Alternatively, especially if you’re a coffee fiend, exploring the swathe of cafés which dot the cool, on-the-rise Americana neighborhood wouldn’t go amiss.

La Docena's oysters are not to be missed.

For something a little more regionally specific, and to shift that tequila hangover, tortas ahogadas (literally, drowned sandwiches) are the obvious choice.

While everyone claims to have the best in the city, as long as they encase the deep fried carnitas, fresh onion and radish filling in Guadalajara’s trademark crusty birote bread roll you’re good to go.

For something equally as tapatío in flavor, but slightly less messy, the speedy service at Santa Tere’s Karne Garibaldi is a must.

Carne en su jugo (‘meat in its juice’) might not sound so appetizing, but this combo of beef bacon and broth, especially when topped with those oh-so-Mexican additions of lime, onion and cilantro, is a winner.

By night, you can’t go wrong with strolling down the lively 15 blocks stretch of Avenida Chapultepec.

Populated with skateboarding teens by day, it really comes alive at night with impromptu dance tutorials, market stalls, and more affordable bars than you have time to visit.

But for something more than commercial Mexican beers, head to Casa Trapiche just two blocks off Chapu—as it’s known to the locals—for some craft ale tasting flights, or down to De La O for tiki culture and innovative pulque cocktails.

Alcalde, Avenida México 2903, Vallarta Norte, 44690 Guadalajara, +52 33 3615 7400

La Docena Oyster Bar, São Paulo 1491, Providencia, 44640 Guadalajara, +52 33 3817 2798

Mercado de Santa Tere, Calle Andrés Terán 524, Santa Teresita, 44600 Guadalajara

Piggy Back, Avenida Justo Sierra 1819, Centro, 44100 Guadalajara, +52

Karne Garibaldi, Calle Garibaldi 1306, Santa Teresita, 44600 Guadalajara, +52 33 3826 1286

Casa Trapiche, Calle Gabriel Ramos Millán 146, Ladrón de Guevara, 44600 Guadalajara, +52 33 3825 4762

De La O, Argentina 70, Americana, 44160 Guadalajara

Where to stay

When it comes to bunking down in Guadalajara, you’re spoiled for choice thanks to the plethora of artsy, boutique properties that have sprung up in recent years, as well as the traditional, stately classics that seem to have been on the scene forever.

For a swanky stay in one of Guadalajara’s coolest colonias, Lafayette (which edges onto Avenida Chapultepec), book a room at Casa Fayette. Housed in a renovated ’40s building, an era whose legacy is reflected in some of the stylish décor touches, this three-star design hotel makes up the only Guadalajara entry in Grupo Habita’s impressive portfolio.

Villa Ganz's design is heavy on the floral touches.

Alternatively, just a few blocks away there’s Villa Ganz, which sells itself on being the first boutique hotel in the city. However, the décor is distinctly more traditional, with sweeping staircases, plush floral sofas and suites named for Juan Rulfo characters.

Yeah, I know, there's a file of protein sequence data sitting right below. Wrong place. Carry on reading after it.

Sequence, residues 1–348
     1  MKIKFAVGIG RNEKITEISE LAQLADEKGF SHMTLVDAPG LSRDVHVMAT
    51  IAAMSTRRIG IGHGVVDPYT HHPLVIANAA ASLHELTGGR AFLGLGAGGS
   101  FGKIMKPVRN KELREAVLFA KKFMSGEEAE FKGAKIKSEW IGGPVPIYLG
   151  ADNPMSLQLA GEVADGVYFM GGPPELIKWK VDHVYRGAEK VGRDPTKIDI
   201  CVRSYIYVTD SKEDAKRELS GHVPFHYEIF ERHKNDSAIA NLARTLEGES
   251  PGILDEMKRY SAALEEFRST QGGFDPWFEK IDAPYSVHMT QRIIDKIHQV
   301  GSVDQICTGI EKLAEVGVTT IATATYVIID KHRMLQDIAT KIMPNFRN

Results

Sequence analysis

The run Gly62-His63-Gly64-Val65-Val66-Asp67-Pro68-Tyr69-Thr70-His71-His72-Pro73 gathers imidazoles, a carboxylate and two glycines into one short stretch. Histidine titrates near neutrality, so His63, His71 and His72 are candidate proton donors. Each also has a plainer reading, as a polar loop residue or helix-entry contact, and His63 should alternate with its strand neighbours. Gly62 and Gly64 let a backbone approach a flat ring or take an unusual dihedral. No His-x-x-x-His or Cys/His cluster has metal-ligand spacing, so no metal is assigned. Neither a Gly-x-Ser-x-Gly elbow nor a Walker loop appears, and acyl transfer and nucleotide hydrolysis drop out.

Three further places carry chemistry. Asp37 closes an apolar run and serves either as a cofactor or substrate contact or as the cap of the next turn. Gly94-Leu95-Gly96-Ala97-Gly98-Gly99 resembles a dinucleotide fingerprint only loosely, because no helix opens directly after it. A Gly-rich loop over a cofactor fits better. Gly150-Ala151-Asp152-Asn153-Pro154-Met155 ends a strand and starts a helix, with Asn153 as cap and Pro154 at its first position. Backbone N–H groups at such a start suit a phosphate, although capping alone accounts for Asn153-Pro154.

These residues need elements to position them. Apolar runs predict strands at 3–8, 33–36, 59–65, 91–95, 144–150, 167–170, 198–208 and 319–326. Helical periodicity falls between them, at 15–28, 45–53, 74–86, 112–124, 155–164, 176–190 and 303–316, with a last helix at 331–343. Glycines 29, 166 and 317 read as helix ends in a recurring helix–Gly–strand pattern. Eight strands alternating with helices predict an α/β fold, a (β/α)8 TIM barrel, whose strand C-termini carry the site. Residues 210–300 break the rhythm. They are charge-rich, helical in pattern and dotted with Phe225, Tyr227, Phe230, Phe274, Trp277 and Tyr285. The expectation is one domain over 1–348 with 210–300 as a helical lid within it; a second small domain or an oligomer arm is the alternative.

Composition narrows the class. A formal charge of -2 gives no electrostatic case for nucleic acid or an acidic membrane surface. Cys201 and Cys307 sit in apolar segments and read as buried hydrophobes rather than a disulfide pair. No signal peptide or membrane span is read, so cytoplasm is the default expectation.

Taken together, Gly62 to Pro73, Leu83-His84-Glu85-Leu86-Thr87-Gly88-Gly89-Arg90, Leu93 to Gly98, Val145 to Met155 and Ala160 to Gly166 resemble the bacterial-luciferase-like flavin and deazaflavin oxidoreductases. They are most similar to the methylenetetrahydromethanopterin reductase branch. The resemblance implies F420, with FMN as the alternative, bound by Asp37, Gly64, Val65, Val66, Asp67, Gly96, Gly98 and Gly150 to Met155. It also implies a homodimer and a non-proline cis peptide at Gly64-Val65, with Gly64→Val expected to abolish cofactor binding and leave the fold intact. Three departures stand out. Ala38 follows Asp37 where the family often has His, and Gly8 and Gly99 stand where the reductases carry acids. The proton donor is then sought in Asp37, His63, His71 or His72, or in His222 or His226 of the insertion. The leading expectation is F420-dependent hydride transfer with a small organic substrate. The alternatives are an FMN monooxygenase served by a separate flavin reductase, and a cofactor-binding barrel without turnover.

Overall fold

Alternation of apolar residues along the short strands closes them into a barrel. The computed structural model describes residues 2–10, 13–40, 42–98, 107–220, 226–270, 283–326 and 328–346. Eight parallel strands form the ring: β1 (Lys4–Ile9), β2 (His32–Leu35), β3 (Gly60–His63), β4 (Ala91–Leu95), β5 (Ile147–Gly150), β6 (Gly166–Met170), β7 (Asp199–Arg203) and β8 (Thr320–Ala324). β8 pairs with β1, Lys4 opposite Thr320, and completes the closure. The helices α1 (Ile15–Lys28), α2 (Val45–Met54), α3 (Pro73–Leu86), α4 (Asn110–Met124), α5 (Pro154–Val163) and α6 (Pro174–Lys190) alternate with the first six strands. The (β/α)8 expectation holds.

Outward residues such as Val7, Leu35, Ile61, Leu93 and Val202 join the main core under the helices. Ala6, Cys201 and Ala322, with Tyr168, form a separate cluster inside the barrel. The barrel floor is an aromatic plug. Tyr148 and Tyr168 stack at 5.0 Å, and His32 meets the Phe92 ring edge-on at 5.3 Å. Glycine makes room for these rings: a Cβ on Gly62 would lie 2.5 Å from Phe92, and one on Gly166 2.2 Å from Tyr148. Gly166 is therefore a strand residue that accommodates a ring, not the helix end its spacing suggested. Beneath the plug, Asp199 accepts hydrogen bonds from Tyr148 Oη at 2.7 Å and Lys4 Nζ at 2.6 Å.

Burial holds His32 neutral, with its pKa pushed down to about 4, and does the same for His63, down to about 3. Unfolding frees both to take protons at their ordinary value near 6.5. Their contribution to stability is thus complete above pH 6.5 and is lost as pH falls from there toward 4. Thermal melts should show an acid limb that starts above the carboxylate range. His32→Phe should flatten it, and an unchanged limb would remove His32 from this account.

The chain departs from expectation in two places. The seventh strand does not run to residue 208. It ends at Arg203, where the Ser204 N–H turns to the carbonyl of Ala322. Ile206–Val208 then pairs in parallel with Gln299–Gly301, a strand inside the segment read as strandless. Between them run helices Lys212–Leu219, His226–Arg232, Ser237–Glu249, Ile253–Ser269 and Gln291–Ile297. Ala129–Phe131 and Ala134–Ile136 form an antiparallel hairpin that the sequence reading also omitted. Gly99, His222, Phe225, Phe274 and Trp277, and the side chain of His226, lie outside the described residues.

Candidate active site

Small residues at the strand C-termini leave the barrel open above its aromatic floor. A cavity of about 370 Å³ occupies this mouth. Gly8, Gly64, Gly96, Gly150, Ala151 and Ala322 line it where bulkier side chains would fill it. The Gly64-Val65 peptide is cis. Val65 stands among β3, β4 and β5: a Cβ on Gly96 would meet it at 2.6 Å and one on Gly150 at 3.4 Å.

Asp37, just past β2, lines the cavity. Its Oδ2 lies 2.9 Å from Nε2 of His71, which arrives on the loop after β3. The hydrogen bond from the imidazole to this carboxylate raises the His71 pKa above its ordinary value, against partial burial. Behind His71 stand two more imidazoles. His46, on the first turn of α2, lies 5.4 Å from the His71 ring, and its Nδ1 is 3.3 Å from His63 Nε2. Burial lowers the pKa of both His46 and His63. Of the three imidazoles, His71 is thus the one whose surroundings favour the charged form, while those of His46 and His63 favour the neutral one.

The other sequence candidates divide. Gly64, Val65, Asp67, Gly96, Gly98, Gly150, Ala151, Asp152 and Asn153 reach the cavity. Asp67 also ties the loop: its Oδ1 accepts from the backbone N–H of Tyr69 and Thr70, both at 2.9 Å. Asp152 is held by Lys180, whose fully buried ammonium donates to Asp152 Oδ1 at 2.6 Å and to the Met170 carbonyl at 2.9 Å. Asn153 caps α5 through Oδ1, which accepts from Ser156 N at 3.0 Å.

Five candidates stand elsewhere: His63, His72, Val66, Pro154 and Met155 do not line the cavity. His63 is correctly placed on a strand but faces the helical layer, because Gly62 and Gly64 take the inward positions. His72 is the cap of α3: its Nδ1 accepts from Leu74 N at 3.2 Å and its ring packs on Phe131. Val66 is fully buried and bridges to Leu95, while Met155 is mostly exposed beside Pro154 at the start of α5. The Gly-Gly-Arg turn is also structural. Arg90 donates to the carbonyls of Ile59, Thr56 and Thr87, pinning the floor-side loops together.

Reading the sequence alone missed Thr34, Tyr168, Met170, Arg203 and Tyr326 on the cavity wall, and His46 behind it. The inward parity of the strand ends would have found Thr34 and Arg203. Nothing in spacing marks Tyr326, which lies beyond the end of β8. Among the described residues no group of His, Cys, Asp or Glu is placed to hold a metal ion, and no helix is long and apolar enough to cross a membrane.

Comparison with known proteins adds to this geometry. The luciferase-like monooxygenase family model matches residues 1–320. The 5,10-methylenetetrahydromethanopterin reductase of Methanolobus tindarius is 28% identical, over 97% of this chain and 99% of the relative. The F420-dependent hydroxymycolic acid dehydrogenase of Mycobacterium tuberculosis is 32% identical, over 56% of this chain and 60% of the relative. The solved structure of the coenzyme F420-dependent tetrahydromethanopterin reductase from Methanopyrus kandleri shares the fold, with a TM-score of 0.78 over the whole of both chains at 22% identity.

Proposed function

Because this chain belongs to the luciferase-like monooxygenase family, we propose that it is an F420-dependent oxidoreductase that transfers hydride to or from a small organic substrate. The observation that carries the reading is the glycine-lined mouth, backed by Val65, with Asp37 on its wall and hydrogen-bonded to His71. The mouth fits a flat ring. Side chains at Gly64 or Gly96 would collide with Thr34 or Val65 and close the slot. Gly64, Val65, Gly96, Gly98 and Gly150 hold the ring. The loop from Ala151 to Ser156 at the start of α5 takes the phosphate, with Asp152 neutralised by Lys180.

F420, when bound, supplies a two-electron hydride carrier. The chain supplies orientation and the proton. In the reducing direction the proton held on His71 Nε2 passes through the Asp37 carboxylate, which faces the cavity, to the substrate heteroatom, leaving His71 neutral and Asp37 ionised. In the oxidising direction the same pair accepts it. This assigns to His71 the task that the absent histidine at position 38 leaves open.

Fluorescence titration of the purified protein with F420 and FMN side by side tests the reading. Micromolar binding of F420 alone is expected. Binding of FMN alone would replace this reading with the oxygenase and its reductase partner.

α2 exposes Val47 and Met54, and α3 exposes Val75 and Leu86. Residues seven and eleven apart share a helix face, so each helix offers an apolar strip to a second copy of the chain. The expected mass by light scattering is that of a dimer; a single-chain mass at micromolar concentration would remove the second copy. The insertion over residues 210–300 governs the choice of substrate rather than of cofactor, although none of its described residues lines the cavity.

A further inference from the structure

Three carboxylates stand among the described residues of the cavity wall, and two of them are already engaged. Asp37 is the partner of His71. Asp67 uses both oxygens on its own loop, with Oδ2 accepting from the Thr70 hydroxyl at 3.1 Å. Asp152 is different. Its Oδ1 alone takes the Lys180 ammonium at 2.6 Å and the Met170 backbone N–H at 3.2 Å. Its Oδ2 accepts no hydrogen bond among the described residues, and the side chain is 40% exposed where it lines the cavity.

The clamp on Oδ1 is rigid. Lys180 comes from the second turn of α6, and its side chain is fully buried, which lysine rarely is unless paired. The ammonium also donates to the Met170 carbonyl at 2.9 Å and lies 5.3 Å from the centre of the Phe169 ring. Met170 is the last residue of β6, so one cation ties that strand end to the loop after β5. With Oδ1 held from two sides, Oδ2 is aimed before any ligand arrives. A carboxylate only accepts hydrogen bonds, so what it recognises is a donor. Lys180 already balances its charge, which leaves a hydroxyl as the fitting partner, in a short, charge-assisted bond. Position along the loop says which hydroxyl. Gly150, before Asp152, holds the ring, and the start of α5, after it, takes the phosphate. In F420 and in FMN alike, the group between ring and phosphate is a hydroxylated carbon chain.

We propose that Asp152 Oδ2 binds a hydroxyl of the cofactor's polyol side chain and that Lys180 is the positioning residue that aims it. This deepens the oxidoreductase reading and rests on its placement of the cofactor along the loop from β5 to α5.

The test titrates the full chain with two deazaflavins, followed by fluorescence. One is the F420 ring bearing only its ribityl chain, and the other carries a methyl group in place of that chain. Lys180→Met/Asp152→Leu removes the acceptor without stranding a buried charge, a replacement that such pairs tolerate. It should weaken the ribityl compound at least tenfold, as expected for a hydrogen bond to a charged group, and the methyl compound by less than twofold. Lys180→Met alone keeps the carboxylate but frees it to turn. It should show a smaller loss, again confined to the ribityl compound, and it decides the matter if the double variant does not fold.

Casa Fayette, Calle Miguel Lerdo de Tejada 2308, Lafayette, 44160 Guadalajara, +52 33 3679 2000

Villa Ganz, Calle Manuel López Cotilla 1739B, Lafayette, 44160 Guadalajara, +52 33 3120 1416

Escape the city

Tlaquepaque is known for its rich (and delicious) tequila history.

For an easy escape, head 20 minutes outside of Guadalajara to Tlaquepaque’s historic center.

Stroll the wide, walkable streets strung with multicolored bunting and lined with restaurants, boutiques and art galleries, browse for tiles at Cantú and grab a tray of boiled vegetables topped with crema, cheese and chili from Jardín Hidalgo (it’s better than it sounds).

Next, head to El Parián in the evening for a live mariachi show. There, order a cazuela (citrus fruits, juices and tequila). More soup bowl than mug, you’ll only need one.

And there’s no visiting Guadalajara, without heading into the tequila heartlands. If you’re feeling flush, you can take the José Cuervo Express or do it yourself with an hour and a half bus ride from the Central Camionera Vieja, Guadalajara.

Take some time to explore the José Cuervo factory courtyard, before joining a distillery tour at the Orendain factory where you’ll get a comprehensive tour, complimentary tastings and a jaunt on a novelty tourist bus.

Cantú, Calle Francisco de Miranda 60, Centro, 45500 Tlaquepaque, +52 33 3635 5981

Jardín Hidalgo, Guillermo Prieto 29, Centro, 45500 Tlaquepaque

El Parián, Calle Juárez 68, Centro, 45500 Tlaquepaque

Central Camionera Vieja, Calle Los Ángeles 218, San Carlos, 44460 Guadalajara

Tequila Orendain, Tabasco 208, Sauza, 46400 Tequila, +52 374 742 0208

Lauren is a travel, food and drink writer, specializing in Mexico and Latin America. Follow her inane inner monologue on Twitter at @laurencocking or read her blog Northern Lauren.